The routes weren’t always straightforward, but the food was always good!

The scenery was beautiful, and different to the thick jungles of Colombia we’d trekked through the previous year. We finished in a small Berber village, met some of the local villagers and ate what was probably some of the most gorgeous lamb and dates anywhere! Then we headed to bed early, as we started the next day for sunrise at 6:30am.


Our beautiful lamb dinner



Settling in for the night

The second day is an early start, but it’s worth it to see the sunrise over the mountains, and a lie in would be pretty tough in the beds we were put up in. After an early breakfast we did about 2-3 hrs of climbing up to a viewpoint and the peak of the day. There were still signs leftover from the recent marathon in the mountains there, and hats off to anyone who could manage a marathon in the unforgiving Moroccan heat! It’s definitely worth taking in the view from the top here and we took a 15 minute break to do just that (and catch a few snaps!).



Just after sunrise

After a 2 hour walk down we had lunch in a setting which was straight out of a painting, under walnut trees by a flowing river. It was a lovely way to end the trek, and after 90 minutes of relaxing we headed back to the rush of the city.


Ending the trip the only way you can, with more mint tea!


Jardin Majorelle ££


A view from the gardens


Another contrast to the bustling Medina, the garden Majorelle is a beautiful place to spend a couple of hours relaxing. It was originally created by Jacques Majorelle however was bought by Yves Saint Laurent and Pierre Bergé in 1980 to avoid it being replaced by real estate.


The YSL memorial


The popularity today is obvious, and we’d recommend going early if you want to visit as the queue is a lot larger than we thought it would be. Thankfully there were water spray jets located along the line which made it a bit nicer to bear, but going around in the midday heat was definitely a mistake of ours!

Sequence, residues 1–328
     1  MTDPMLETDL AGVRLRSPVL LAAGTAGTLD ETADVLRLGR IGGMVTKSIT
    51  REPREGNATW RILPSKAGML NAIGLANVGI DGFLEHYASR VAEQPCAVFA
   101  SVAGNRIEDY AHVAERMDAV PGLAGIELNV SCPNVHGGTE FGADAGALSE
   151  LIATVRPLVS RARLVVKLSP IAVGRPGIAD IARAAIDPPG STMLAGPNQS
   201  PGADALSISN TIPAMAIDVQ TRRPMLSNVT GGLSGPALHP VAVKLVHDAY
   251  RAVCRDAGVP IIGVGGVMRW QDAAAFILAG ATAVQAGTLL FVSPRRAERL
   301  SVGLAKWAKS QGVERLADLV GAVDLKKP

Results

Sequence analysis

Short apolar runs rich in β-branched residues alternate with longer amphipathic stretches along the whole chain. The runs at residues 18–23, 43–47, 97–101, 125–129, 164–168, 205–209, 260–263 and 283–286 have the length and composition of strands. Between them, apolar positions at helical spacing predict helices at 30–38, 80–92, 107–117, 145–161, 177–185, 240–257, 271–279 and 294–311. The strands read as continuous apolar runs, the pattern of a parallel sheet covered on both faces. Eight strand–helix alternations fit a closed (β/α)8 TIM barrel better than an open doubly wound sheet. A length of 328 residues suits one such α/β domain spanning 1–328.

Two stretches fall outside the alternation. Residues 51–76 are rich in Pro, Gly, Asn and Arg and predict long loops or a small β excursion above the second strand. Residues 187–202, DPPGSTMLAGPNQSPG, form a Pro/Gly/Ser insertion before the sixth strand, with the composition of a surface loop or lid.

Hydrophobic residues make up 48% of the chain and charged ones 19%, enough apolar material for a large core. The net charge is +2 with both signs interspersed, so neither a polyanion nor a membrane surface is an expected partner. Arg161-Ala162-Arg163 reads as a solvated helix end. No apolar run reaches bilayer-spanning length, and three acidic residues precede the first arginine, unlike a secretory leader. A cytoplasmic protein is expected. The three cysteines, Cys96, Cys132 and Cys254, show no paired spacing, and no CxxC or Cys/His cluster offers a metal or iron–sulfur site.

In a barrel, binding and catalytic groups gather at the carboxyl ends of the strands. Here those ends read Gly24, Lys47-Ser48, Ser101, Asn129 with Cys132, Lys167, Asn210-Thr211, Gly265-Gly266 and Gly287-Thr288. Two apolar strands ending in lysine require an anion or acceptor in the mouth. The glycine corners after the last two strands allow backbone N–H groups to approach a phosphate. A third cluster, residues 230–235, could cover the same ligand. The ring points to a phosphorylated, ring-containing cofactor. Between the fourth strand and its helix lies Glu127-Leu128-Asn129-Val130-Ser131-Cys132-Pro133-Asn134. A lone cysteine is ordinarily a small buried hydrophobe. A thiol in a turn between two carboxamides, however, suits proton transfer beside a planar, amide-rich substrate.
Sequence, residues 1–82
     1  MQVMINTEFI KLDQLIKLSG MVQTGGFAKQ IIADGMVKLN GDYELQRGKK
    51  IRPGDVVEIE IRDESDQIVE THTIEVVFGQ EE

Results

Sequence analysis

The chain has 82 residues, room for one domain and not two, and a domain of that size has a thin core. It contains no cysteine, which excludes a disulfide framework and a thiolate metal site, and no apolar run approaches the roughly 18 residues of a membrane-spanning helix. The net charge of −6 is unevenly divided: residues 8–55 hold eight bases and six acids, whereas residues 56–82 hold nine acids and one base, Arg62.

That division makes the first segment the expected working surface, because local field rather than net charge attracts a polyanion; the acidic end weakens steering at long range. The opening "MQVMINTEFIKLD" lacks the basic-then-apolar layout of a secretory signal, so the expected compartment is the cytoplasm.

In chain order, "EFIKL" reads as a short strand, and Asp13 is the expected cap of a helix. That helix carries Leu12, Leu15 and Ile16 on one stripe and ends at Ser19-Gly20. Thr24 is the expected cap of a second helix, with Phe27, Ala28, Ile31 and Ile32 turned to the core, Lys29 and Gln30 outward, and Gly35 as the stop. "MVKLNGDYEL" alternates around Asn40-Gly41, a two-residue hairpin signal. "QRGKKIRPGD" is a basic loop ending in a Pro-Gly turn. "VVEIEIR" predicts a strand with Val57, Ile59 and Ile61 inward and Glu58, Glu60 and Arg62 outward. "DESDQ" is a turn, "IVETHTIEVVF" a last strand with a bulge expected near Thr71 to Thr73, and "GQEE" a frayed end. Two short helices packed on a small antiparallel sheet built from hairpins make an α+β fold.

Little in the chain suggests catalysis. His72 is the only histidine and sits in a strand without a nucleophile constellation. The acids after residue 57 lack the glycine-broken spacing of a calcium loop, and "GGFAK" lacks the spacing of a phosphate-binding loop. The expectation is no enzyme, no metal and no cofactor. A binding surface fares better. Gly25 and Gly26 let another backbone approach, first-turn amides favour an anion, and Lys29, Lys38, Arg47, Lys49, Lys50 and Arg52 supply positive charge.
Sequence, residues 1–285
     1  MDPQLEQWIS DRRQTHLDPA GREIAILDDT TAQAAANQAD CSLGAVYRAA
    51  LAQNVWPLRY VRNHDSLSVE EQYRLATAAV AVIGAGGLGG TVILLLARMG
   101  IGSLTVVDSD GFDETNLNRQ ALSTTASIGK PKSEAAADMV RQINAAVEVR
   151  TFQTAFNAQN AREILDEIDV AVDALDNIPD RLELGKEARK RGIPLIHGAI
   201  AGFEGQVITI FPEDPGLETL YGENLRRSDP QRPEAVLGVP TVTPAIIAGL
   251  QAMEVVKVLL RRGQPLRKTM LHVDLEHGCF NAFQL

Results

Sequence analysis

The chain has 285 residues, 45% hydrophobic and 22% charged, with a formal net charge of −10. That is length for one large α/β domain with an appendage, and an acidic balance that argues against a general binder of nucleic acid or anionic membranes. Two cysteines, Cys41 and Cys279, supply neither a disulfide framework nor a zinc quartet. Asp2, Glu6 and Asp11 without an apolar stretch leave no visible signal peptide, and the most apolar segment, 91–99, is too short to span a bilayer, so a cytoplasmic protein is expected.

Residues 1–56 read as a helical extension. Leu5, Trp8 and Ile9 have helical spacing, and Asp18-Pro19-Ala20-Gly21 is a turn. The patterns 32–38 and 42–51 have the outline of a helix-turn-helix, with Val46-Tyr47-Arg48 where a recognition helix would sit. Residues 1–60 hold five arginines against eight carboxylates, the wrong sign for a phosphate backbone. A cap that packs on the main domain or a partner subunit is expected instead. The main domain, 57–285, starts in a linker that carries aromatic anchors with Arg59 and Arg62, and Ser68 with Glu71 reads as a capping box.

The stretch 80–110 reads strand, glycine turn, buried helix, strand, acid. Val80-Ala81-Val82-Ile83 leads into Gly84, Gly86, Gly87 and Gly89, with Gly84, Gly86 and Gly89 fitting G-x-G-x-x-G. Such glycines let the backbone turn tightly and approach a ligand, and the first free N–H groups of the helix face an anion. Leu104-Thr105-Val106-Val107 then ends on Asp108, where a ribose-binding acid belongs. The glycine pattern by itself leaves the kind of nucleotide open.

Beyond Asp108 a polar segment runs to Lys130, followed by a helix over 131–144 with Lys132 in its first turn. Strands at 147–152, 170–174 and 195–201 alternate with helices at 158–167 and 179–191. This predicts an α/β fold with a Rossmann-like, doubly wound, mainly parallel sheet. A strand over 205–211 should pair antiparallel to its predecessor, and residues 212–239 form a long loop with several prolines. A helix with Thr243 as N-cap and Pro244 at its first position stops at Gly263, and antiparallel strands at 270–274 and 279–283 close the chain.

Queues can be long!


The entry prices

You can walk here from the Medina, it’s around 25 minutes from the wall, and costs 70 Dirhams. You’ll need to add on an extra 30 Dirhams if you would like to visit the Berber museum inside too. We did, and thought the museum was a nice touch with information about Berber life and grand displays of the traditional jewels and costumes. Ideally you’d visit in the morning, and then in the afternoon have lunch at Amal Cafe – although worth booking the latter as it understandably gets busy.




Saadin Tombs £


The main attraction

The Saadin tombs were a little different from what we expected – definitely understated and not dedicated to large grand structures. Rather, there are a number of graves with beautifully intricate mosaics around them. The largest room actually has a bit of a queue to go and see, but the combination of detail in the mosaics with the grandeur of the room is definitely worth it – and the tombs really aren’t that big so there’s no excuse to miss it.


The queue for said main attraction!


Ben Youssef Madrasa £


The centre of the Madrasa

Another site which will be on all the visitor lists in Marrakech, the Ben Youssef Madrasa is well worth a visit. It was a college – the largest in Marrakech – and you can wander around at your own pace. This is probably a place where we’d most likely recommend a tour however, since as pretty as it is I think some context would make it a much more interesting visit!  


The detail is beautifully intricate

That said, a look around was still interesting, to see the intricate mosaics you’ll see on everyone’s instagram and also the rooms the students stayed in were a great insight into how they would’ve been living.

One other thing to note, the main courtyard is a common instagram snap and always looks beautiful, however we went late morning and it was flooded with tourists. If you’re going to ‘get the snap’ you probably want to be the first people in there!




Bahia Palace £


We managed to snap a fairly empty shot!

If you could combine the gardens of Jardin Majorelle and the fine artistic decorations of Ben Youssef Madrasa what you’d end up with is something closely resembling Bahia Palace. This was the last place in Marrakech we visited and we’re glad it was, to make sure nothing else was overshadowed in comparison!


The palace gardens weren’t bad either

The name literally means ‘Brilliance’ and it doesn’t disappoint. With a gorgeous main square, surrounded by gardens which are designed and maintained to perfection you can see that this was never built with intention of being second best in Marrakech. It was around 10 Dirham so an absolute must see – and we were in there for just over an hour.


One of the many palace squares